- Do you agree that not only Mongolian composers, but also composers from other countries are creating their works by adapting them with modern technology? In other words, should composers create their works according to technology advancement? Or should they create their works according to human psychology and social development?

I’m sorry, I don’t really understand these questions. Composers are artists, and as such, they draw from their imagination and creativity to create their art. They also may use a range of technologies, from a simple pencil and paper to sophisticated electronics. But art is ultimately about the vision of the artist.

- When cows listen to Bach music, they produce more milk. Instead, mice after listening to modern rock music have gone mad. What is the reason for that?

These sound like anecdotes. I’d like to see what the science really is here. Animals may indeed respond to music, but can we really know what these responses mean? We have to be wary of anthropomorphizing or attributing human characteristics to animal behavior.

- At what place are works of modern morin huur, national and symphonic orchestra in world’s music development? Which works, do you think, should be emphasized?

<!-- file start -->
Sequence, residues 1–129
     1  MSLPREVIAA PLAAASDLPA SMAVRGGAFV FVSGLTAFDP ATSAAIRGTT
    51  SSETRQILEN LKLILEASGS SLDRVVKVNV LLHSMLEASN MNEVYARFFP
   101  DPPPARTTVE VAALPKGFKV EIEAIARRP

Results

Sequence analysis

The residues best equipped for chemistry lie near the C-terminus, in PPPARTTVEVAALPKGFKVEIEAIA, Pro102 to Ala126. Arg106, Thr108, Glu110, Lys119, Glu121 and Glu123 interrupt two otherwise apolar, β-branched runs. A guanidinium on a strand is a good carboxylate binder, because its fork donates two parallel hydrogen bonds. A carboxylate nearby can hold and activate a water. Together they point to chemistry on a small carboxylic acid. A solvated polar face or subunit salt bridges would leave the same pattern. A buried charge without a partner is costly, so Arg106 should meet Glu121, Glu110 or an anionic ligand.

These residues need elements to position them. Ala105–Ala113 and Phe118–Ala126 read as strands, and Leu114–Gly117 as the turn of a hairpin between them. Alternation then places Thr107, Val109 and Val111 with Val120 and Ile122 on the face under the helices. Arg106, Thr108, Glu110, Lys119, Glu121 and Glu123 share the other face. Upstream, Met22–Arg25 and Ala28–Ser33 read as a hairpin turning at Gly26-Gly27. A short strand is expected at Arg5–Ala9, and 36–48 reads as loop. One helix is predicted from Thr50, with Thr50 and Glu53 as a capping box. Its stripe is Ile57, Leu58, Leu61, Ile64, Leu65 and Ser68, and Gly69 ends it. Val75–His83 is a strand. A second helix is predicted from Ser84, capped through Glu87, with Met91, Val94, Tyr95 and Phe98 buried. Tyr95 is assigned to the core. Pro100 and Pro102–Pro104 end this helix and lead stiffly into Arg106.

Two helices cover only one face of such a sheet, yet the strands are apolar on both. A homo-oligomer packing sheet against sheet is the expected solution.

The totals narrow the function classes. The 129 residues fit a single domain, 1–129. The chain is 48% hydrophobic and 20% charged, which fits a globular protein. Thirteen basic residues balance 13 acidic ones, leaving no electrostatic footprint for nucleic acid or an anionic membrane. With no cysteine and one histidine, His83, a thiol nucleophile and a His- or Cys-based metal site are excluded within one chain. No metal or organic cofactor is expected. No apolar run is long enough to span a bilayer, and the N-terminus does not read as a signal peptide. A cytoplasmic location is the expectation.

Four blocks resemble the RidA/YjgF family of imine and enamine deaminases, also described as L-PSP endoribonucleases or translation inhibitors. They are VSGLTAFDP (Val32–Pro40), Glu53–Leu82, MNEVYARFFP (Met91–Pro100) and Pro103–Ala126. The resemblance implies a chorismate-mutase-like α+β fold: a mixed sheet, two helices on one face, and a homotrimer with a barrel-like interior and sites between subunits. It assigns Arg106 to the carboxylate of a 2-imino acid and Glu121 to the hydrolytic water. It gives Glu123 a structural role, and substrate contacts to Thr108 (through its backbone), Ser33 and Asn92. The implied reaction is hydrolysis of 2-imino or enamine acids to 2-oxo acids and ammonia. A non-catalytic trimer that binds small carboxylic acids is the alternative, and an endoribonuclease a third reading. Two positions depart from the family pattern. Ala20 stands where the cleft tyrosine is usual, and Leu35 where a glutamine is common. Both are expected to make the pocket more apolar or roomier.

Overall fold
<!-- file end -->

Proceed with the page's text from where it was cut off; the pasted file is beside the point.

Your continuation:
Oh, they are all a part of the world’s musical development, without question. These include all the operas, symphonies, and solo and chamber music works that Mongolian artists have created, from Gonchigsumlaa and Mordorj, through to N.Jantsannorov guai and contemporary composers today. All of this music deserves to be studied as part of the musical record of modern civilization.

- At present, what artistic works and research are you working on?

I'm Professor of music at California State University, East Bay (located in the San Francisco Bay Area). I teach Ethnomusicology and Western music history. I am currently preparing a website dedicated to the musical research of Henning Haslund Christiansen. He brought back from his Mongolian expeditions musical instruments and rare photographs and recordings of musicians and singers, which are currently housed at the State Museum of Denmark in Copenhagen. I’d like to make them available to the world through this website. I think many Mongolians would be very interested in seeing these materials.

            Peter K.Marsh interviewing an axmad (elderly) fiddler in Ulaanbaatar in 2017.